After two decades of civil war, Christians in Sudan are encouraged by the recent peace agreements and hope they will now have better access to goods and services previously denied. During 2004, there were reportedly fewer Christians killed or physically harmed. This was also the case in the conflict areas of Colombia, which explains the decrease in rank for this country. However, religious freedom did not change significantly in the Latin American nation, where Christians continue to be faced with kidnappings or threats of kidnappings, and displacement because of violence. Recent information on the situation of believers in Myanmar shows that persecution is less serious than last year, although Christians still face church closures, difficulties in registration and a ban on church construction. A slight improvement in religious freedom is taking place in Algeria. Algerians are becoming adjusted to the presence of Christians, and the government generally does not interfere with church activities. Converts from Muslim backgrounds are still facing strong social pressure. In Turkey, legalization for religious freedom was adapted somewhat to European standards and some Christians enjoyed better treatment by authorities. Nonetheless, the improvement is not really accepted in most formal laws or in the minds of the Turkish majority. Qatar saw the launch of its first constitution, and it guaranteed freedom of religion. Five Christian communities received permission to start building five new churches, the first in the Gulf state since the seventh century.



Severe persecution




Severe limitations


Some limitations


Some problems




World Watch List        January 2005



        Country Name                               January 2005            January 2004             Trend      Variation       

1.      Korea, North                                 82,0                        82,5                     0          7,0

2.      Saudi Arabia                                 68,5                        70,5                    0            0,0

3.      Vietnam                                       65,0                        63,0                     0          0,0

4.      Laos                                            63,5                        65,5                     0          0,0

5.      Iran                                             63,5                        63,0                     0          8,0

6.      Maldives                                       60,5                        60,5                      0          7,5

7.      Somalia                          60,0                     57,0                 -       5,5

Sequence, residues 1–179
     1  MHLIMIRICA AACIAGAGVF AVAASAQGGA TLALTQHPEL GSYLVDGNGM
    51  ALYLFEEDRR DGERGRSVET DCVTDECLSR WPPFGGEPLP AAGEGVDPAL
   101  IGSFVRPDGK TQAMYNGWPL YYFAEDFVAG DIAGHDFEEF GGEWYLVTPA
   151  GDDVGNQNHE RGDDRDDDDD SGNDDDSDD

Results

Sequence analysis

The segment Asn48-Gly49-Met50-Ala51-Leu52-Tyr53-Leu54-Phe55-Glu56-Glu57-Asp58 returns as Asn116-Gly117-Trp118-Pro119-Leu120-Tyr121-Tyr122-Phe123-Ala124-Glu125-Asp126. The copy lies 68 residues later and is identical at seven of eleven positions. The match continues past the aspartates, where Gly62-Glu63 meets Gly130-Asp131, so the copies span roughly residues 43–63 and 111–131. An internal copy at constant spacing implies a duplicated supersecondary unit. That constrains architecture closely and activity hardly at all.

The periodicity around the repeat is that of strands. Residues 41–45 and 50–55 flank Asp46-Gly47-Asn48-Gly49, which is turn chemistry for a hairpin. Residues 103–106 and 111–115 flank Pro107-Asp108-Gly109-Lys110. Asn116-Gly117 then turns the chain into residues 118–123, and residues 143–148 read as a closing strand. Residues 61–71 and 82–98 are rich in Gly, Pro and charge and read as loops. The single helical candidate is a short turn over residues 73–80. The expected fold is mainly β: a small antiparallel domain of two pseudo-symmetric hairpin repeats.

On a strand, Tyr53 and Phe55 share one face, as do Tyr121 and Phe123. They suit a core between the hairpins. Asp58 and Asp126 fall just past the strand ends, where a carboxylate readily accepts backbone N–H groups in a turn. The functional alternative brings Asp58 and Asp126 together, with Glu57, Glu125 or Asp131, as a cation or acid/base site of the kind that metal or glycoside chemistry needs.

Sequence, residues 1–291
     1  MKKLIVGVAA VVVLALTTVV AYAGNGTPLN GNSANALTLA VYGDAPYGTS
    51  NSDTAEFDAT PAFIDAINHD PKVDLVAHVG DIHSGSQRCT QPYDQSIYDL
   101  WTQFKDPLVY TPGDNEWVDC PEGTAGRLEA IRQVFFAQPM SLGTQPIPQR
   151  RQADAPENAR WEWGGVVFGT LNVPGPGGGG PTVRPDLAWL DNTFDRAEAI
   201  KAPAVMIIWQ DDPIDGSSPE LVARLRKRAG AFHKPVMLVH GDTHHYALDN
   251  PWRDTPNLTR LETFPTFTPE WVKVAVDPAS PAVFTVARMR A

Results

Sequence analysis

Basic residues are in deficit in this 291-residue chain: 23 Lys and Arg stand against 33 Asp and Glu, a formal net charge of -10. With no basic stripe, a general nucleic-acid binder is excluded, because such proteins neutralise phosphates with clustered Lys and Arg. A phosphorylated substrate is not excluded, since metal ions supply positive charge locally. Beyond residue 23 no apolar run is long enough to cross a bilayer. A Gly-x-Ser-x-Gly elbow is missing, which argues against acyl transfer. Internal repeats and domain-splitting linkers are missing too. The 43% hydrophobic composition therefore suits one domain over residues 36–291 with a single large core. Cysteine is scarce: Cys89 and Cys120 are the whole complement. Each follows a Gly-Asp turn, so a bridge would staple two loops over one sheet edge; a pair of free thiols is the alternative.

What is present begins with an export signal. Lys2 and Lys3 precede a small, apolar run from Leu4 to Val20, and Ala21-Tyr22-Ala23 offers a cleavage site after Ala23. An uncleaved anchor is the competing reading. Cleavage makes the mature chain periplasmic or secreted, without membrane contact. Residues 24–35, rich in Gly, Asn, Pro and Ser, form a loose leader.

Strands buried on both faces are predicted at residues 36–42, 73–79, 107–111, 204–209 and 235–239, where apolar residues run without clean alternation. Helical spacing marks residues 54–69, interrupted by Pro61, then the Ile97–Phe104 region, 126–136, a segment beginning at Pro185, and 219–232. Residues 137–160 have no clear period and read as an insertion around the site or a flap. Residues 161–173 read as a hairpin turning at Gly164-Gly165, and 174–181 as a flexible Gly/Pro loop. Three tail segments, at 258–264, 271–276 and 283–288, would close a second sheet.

8.      Bhutan                           59,5                59,5              0       7,0

9.      China                            58,0                     57,5                 0       0,0

10.  Afghanistan                       58,0                55,5                 -       4,0

11.  Yemen                           57,5                        55,5                     0          4,0

12.  Turkmenistan                                56,0                     58,5                      0       2,0

13.  Pakistan                          50,5                52,0                 0       0,0

14.  Comoros                         49,5                50,5              0       2,0

15.  Uzbekistan                        49,0                49,0                 0       2,0

16.  Eritrea                            48,5                44,5              -       5,0       

17.  Myanmar (Burma)                         48,0                        53,5                     +          0,0

18.  Egypt                                           44,5                        46,0                     0          0,0

19.  Sudan                                          43,5                        47,0                     +          0,0

20.  Libya                                           42,5                        43,0                     0          7,5

21.  Iraq                                             42,0                        35,5                     -           2,0

22.  Azerbaijan                                    41,5                        43,0                     0          0,0

23.  Morocco                                       41,5                        42,5                     0          1,5

24.  Brunei                                          40,5                        40,5                     0          6,5

25.  Nigeria (North)                              40,5                        38,5                     0          0,0

26.  Cuba                                           39,0                        41,0                     0          0,0

27.  Russian Federation (Musl.)[1]            37,5                        37,5                      0          5,0